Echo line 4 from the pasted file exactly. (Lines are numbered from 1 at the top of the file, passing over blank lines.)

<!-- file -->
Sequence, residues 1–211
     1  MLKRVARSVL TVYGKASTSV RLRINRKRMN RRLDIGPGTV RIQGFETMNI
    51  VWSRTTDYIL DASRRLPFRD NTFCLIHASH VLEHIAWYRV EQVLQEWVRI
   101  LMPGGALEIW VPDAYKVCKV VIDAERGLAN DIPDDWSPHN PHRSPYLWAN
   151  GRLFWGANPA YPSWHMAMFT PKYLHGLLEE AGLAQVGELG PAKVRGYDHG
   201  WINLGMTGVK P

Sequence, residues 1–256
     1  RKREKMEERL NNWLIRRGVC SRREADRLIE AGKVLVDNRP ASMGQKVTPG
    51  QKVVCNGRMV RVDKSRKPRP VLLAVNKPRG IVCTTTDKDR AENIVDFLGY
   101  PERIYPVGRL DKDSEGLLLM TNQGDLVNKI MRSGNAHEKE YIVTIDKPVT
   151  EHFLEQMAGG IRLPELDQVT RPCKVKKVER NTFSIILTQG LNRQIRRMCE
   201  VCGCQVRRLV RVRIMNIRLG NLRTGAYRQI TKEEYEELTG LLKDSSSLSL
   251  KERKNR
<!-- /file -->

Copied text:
   101  LMPGGALEIW VPDAYKVCKV VIDAERGLAN DIPDDWSPHN PHRSPYLWAN